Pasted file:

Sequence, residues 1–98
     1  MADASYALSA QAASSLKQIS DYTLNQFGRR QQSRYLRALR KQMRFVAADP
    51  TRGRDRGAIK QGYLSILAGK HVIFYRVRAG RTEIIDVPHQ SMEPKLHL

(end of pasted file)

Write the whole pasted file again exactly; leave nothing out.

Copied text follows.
Sequence, residues 1–98
     1  MADASYALSA QAASSLKQIS DYTLNQFGRR QQSRYLRALR KQMRFVAADP
    51  TRGRDRGAIK QGYLSILAGK HVIFYRVRAG RTEIIDVPHQ SMEPKLHL